Harry Potter wizard invoked again as Japan hits back at China

Harry Potter wizard invoked again as Japan hits back at China

TOKYO - The diplomatic bickering between Japan and China descended into name-calling in the British press Monday, with ambassadorial claim and counter-claim invoking the fictional evil wizard of the Harry Potter series, Lord Voldemort.

In an opinion piece published in the Daily Telegraph newspaper, Tokyo's envoy to London Keiichi Hayashi compared Beijing to the arch-villain of JK Rowling's multi-million selling books and the resulting movie franchise.

"East Asia is now at a crossroads. There are two paths open to China," he wrote.

"One is to seek dialogue, and abide by the rule of law. The other is to play the role of Voldemort in the region by letting loose the evil of an arms race and escalation of tensions, although Japan will not escalate the situation from its side," he said.

"The answer seems obvious. Although China has so far refused to enable dialogue between our leaders, I sincerely hope that it will come forward, rather than keep invoking the ghost of 'militarism' of seven decades ago, which no longer exists," Hayashi wrote.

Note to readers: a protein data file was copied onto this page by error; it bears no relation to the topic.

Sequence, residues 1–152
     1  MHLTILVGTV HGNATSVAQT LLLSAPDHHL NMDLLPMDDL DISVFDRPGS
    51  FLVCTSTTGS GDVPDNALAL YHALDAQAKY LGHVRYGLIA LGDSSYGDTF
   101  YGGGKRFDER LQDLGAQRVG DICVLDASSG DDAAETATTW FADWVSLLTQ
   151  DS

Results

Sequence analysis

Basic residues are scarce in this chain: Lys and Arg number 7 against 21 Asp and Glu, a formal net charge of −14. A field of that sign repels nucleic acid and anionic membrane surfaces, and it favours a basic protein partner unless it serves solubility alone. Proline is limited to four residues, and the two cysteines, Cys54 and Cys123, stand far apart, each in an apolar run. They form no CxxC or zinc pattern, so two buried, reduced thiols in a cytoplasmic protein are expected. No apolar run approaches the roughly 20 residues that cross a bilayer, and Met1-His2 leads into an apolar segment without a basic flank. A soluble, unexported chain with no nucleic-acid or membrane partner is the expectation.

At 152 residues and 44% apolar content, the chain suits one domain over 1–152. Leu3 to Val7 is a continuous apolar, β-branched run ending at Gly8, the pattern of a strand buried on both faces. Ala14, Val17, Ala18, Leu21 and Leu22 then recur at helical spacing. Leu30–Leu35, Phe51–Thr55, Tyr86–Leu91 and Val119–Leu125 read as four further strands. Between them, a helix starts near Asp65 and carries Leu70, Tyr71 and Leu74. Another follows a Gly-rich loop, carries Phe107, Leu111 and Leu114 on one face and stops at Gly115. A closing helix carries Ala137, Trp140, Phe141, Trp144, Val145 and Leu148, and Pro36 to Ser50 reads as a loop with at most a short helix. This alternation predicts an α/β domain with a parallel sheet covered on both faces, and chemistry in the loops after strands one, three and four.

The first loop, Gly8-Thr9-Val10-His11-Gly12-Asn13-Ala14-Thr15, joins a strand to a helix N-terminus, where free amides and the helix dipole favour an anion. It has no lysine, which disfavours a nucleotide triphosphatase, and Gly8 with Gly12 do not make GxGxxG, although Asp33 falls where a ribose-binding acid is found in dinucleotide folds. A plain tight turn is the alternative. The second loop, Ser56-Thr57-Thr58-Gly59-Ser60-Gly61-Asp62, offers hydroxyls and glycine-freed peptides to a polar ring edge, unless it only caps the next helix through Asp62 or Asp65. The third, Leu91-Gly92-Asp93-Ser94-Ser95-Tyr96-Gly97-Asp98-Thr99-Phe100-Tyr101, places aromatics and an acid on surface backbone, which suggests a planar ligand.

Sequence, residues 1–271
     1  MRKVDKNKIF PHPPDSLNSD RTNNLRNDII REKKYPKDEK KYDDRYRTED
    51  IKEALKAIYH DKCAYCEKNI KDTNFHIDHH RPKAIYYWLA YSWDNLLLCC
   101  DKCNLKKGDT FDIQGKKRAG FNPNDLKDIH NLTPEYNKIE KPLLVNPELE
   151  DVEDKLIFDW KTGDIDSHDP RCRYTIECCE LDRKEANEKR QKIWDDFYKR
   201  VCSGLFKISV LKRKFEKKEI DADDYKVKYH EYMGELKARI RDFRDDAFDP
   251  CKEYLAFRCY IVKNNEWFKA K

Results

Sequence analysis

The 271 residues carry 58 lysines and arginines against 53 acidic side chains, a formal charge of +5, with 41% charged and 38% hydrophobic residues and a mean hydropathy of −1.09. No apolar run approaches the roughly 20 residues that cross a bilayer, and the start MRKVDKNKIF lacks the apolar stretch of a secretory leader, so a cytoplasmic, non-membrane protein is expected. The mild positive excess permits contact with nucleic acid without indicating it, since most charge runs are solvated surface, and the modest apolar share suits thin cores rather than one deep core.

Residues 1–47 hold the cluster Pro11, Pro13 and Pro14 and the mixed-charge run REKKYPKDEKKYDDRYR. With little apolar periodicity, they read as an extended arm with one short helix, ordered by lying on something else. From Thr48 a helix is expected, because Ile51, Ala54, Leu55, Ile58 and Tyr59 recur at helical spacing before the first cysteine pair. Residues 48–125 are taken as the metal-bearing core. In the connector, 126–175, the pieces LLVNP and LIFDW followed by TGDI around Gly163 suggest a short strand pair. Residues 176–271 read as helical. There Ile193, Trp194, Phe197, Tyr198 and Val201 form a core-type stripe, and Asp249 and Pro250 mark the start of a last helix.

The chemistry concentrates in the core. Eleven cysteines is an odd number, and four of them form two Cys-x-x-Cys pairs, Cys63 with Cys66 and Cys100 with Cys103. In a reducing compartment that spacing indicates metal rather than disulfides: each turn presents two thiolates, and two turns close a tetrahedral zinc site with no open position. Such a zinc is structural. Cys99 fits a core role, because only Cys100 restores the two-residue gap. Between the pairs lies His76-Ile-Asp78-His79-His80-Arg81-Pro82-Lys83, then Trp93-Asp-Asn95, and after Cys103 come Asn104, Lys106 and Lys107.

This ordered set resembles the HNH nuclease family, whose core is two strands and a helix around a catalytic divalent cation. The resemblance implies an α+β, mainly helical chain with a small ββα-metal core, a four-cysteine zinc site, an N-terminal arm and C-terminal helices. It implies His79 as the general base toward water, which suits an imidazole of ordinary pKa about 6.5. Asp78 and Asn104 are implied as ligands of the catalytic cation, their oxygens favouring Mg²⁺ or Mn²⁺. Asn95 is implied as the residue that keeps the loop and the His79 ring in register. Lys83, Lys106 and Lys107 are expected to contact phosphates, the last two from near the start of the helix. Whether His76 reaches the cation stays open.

Asia's two biggest economies have long endured a difficult relationship characterised by disagreements on a wide range of issues, many of which are connected to bitter memories of violence in Asia by Japanese soldiers before and during World War II.

But ties have soured since Tokyo bought a set of disputed islands in the East China Sea in 2012, fuelling nationalism in both nations that has seen paramilitary ships and planes from both sides involved in regular standoffs around the isles.

Hayashi's letter was an apparent response to an earlier op-ed - also referencing the boy-wizard's nemesis - published in the Daily Telegraph on January 1 by Liu Xiaoming, Chinese ambassador to London.

Liu harshly criticised Japanese Prime Minister Shinzo Abe's December 26 visit to Tokyo's controversial Yasukuni war shrine, which honours war dead, including men convicted of serious war crimes in the wake of Japan's 1945 World War II defeat.

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